In order to make insurance products affordable for small farmers, a broad range of innovative schemes are being used in different countries, applying parametric insurance (insurance that pays a predetermined amount when a defined threshold is reached) and DLT. Parametric insurance significantly reduces transaction costs as it eliminates the need for estimates and verification of actual losses on the ground. At the same time, basis risk remains the main obstacle to effective management of climate-related risks. In this case, DLT could provide the necessary tools to collect raw data and develop algorithms for self-improvement of parametric insurance schemes such as index-based insurance. Index-based insurance pays benefits based on a predetermined index, for example, rainfall level, for loss of assets and capital as the result of extreme events.

Implementation of innovative financial and insurance schemes such as index-based insurance, especially in developing countries, needs a solid backup with sufficient financial resources. The experience of multinational development banks such as the International Bank for Reconstruction and Development (IBRD) and humanitarian organisations such as the Red Cross could provide examples of successful innovative tools and mechanisms for the mobilisation of CCA and DDR finance. The best known example is the forecast-based financing scheme developed by the Red Cross and implemented in developing countries of Latin America and Africa.

Should climate-related risks be too large to be covered solely by national insurance schemes, those risks will need to be shared with other economic agents, or transferred to the financial market. Innovative instruments such as catastrophe bonds and Swaps could be effective solutions: a combination of these two instruments is being used by the World Bank Group to provide protection against climate-related risks in developing countries.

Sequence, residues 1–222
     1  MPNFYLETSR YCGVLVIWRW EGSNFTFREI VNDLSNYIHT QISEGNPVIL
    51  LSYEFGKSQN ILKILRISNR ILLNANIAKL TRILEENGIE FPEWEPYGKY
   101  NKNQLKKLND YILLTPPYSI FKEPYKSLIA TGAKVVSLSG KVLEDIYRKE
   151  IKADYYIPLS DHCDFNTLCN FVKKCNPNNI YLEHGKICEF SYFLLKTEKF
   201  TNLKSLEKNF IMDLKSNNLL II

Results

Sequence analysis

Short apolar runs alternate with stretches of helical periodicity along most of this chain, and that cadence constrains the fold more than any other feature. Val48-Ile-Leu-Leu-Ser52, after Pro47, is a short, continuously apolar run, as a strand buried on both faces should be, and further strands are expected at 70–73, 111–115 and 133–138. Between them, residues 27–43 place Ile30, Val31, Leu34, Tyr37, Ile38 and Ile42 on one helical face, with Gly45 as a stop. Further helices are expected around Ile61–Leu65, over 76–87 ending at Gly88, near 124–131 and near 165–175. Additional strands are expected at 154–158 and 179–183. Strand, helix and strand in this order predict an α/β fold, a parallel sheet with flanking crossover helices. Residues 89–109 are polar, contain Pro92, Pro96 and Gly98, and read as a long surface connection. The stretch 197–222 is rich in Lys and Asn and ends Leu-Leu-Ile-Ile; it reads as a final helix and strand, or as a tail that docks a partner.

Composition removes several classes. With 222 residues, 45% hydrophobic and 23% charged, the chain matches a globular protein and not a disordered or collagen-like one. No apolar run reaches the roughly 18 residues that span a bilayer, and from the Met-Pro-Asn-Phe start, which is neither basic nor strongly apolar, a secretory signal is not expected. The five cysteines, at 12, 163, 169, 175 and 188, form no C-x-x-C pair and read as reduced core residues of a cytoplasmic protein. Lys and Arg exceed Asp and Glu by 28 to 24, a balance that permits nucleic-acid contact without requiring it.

Challenges and solutions

As a result of the discussions, participants highlighted a set of the most urgent challenges:

  • Investments need to be more resilient
  • Disaster risks are not yet integrated into related processes
  • Resilience is part of the social contract.

It is important to note that ignoring resilience while making investment decisions could result in an escalation of systemic threats and a cascade of financial risks. In addition, existing investment practices are examples of dealing with maladaptation: we need clear rules and requirements for self-regulated risk assessments, as well as being part of the legislative framework.

The participants concluded that an institutional body should be established to build a framework for managing disaster risks, including the following components:

  • Identification of disaster risk-related contingent liabilities – legislation, insurance up-take, risk landscape
  • Quantification of disaster risk-related contingent liabilities
  • Disclosure of such liabilities and their integration into the fiscal and overall financial forecasting
  • Mitigation of disaster risk-related contingent liabilities.



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  • Publication date 24 Oct 2019